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Study Finds Nearly Half of Children Under 2 Years of Age Receive Vaccinations Late
In a new study published in JAMA Pediatrics, researchers at Kaiser Permanente in Denver, Colorado, found that 49% of children aged 2 to 24 months did not receive all recommended vaccinations or did not get vaccinated according to the Advisory Committee on Immunization Practices (ACIP) schedule.
The researchers used the Vaccine Safety Datalink — a collaborative effort among the Centers for Disease Control and Prevention (CDC) and nine managed-care organizations — to analyze the immunization records of 323,247 children born between 2004 and 2008. Data from these records indicated the number of days each child was missing scheduled vaccines for any reason, including parents intentionally choosing not to vaccinate their children according to ACIP recommendations. Children who did not receive their vaccines on time were considered “under-vaccinated.”
“While a large majority of parents in the U.S. choose to vaccinate their children, a growing number of parents are concerned about vaccine safety and choose to vaccinate their children according to alternative immunization schedules,” said lead author Jason Glanz, PhD. “The medical community doesn’t have a lot of data on these alternative schedules, so we are hoping the results from this study will open the door to more opportunities to examine their safety and efficacy.”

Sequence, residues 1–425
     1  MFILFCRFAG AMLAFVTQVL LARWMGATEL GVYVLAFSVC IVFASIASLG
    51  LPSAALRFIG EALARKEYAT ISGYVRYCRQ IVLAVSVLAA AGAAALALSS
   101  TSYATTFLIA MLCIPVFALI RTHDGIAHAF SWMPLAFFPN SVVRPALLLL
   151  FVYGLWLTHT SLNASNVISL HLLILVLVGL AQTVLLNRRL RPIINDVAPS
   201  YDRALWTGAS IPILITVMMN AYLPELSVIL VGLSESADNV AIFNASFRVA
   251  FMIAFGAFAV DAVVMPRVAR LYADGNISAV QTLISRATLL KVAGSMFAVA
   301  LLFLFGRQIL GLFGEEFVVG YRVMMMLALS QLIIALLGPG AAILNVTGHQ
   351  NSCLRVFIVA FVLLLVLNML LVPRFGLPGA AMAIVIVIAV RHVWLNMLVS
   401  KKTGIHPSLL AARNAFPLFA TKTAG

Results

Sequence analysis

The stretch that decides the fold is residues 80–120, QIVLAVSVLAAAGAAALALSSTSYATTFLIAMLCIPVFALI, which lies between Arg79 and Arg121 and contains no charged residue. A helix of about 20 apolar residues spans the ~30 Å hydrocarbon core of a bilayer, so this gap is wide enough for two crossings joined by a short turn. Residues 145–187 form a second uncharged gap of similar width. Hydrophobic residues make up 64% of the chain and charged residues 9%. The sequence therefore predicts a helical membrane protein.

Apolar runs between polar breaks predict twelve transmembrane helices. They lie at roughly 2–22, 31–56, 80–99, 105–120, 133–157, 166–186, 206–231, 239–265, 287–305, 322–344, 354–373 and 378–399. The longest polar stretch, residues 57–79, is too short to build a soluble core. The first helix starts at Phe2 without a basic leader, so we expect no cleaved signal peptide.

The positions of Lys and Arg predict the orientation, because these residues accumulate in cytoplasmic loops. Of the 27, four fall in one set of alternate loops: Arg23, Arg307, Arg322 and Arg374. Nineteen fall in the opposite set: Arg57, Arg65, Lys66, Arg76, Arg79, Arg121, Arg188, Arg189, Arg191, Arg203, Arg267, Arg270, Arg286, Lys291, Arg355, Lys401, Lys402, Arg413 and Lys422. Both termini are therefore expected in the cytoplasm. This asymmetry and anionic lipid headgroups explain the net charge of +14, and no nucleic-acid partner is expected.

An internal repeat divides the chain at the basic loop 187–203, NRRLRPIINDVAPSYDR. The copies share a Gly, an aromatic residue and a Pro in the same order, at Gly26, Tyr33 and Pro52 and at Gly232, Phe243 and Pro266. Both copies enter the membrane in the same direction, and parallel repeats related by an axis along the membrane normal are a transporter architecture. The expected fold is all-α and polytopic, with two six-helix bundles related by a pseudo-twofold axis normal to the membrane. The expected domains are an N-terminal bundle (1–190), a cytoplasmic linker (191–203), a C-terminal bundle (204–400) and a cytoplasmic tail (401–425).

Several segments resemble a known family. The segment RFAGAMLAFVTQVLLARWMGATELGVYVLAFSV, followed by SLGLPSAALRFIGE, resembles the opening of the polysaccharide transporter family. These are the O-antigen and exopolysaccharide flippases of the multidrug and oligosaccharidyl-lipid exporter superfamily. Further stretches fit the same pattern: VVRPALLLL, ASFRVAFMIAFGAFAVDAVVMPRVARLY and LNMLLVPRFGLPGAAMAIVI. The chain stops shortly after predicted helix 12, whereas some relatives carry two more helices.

The new study found that the number of under-vaccinated children increased significantly during the study period, and that 1 in 8 under-vaccinated children’s parents intentionally chose not to adhere to ACIP immunization guidelines. Alternative schedules either involve increasing the time between vaccinations or reducing the number of vaccinations in a single office visit, leaving children under-vaccinated. The study findings also indicate that under-vaccinated children are less likely to visit their doctor’s offices and are more likely to be admitted to hospitals, compared with peers who are vaccinated under the standard schedule.
Source: Kaiser Permanente; January 21, 2013.